Tuesday, April 27, 2010

Crazy Outlaw Feminism!

Why, I ask??!!  Wwwhhhyyyy?  I just want to know why "everyone," i.e. the general public and often a woman's closest friends and loved ones, has to go there.  Where?  Oh, let me back up.  I'm watching TV, just some documentary that isn't especially great, but it's on while I'm doing other things.  And part of the larger story they are telling is the fact that at one point in her life, the woman on the show shaved her head.  And the people who knew her at that time, a co-worker and a family member specifically, both said on film that they "knew" she had "gone crazy" once that happened.  WHY?  Why does that make her crazy????

I've written about this topic before. because I too have shaved my head.  In fact, right now I have a pretty short head of hair; I'm sort of growing a mohawk, so the sides are shaved and the middle is just starting to grow a bit longer.  I dig it, and that's all that matters to me, and I'm not crazy (or any more clinically-descriptive term).

I really feel strongly that this is some part of the fight of some people to put and keep women in their "proper" place in society.  When I reached out to speak with other bloggers and other women around the world who had shaved their heads for all sorts of reasons, it only strengthened my opinion.  All had faced some sort of judgment and opposition from someone at some time, regarding their choice to go without hair.  Most had faced it a lot.  We discussed the fact that somehow it makes it "okay" if you explain that you did this because you have Cancer or Alopecia or some such disease.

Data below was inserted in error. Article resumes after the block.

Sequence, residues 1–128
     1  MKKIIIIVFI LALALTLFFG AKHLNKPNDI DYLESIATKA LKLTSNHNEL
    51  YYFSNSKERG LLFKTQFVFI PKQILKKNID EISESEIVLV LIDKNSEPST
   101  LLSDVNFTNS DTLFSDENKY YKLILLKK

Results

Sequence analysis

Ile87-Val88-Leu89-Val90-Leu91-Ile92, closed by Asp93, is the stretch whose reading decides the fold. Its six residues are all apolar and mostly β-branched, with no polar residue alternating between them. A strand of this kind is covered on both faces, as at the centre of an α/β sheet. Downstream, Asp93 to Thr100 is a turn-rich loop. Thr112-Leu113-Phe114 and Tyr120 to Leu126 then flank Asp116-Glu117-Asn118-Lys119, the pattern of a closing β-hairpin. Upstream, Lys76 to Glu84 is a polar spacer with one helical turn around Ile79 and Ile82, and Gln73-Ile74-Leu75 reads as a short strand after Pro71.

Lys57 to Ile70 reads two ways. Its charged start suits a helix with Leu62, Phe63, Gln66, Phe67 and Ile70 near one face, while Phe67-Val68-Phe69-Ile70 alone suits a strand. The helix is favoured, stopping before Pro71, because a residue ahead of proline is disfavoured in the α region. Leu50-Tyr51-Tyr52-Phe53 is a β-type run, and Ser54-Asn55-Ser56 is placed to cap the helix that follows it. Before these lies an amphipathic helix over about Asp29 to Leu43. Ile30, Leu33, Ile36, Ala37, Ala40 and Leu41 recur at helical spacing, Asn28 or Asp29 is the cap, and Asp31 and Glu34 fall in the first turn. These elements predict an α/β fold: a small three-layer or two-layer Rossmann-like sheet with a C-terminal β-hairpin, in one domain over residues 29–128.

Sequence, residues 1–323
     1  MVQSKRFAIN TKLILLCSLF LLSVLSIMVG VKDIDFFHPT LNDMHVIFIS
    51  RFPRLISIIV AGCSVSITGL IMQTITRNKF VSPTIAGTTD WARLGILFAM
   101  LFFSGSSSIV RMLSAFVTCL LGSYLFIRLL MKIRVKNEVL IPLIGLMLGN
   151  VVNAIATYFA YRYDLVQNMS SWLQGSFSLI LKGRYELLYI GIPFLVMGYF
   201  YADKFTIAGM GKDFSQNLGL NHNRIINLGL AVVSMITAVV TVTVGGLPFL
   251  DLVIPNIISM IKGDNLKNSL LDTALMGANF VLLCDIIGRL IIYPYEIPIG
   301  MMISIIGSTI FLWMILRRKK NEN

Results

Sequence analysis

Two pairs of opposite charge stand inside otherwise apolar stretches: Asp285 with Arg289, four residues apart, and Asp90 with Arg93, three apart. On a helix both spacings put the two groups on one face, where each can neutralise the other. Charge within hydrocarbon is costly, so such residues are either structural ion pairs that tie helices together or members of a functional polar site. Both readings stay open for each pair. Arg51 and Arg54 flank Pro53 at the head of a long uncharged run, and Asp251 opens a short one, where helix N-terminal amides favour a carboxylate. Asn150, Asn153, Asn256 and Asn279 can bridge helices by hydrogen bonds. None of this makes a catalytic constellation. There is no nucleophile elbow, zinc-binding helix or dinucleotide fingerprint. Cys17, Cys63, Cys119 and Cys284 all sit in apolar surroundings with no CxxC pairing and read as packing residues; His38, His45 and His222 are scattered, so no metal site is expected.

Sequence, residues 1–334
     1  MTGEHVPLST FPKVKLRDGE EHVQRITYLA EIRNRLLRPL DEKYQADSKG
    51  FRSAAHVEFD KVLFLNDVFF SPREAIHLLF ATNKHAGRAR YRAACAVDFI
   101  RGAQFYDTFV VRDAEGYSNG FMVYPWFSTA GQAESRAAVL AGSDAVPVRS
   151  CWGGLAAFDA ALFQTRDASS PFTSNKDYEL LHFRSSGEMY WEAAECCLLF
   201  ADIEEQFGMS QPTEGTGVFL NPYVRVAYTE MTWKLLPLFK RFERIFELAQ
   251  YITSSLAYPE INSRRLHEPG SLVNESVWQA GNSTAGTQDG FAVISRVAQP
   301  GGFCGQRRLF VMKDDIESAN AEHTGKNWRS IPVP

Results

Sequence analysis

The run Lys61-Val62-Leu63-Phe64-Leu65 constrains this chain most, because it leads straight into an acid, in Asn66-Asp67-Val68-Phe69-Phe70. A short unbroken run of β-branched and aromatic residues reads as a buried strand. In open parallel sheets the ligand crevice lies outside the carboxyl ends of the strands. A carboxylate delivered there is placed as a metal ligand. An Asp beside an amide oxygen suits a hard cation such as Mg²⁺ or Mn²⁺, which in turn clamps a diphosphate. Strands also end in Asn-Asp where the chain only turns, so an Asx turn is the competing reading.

I won't re-tell my story, as it is told in full at the above link.  But the reason that I shaved my head that first time was simply that I wanted to confront my dependency on such a shallow physical trait to give me identity and even worth.  Also, honestly, I was sick and tired of my long, thick hair, with which I had dramatic fights every time I tried to "do" it in some style other than my pony-tail.  As I told in my earlier post, I realized that I wanted to shave it, get rid of it and perhaps start fresh, or not have hair anymore for a long while.  And when I decided that, I realized that my only fear was the old what-will-others-think issue.  

For me, this was unacceptable.  I didn't like to look inside of myself and see that I was afraid of what others would think, afraid - YES - of what men would think.  Now, I'm not making a judgment on what other women should choose or how they should choose to confront the changes or fear of changes that they face in their own lives.  I'm simply sharing what I was feeling and why I chose to shave my hair off.
                                                 Me after a recent shave :)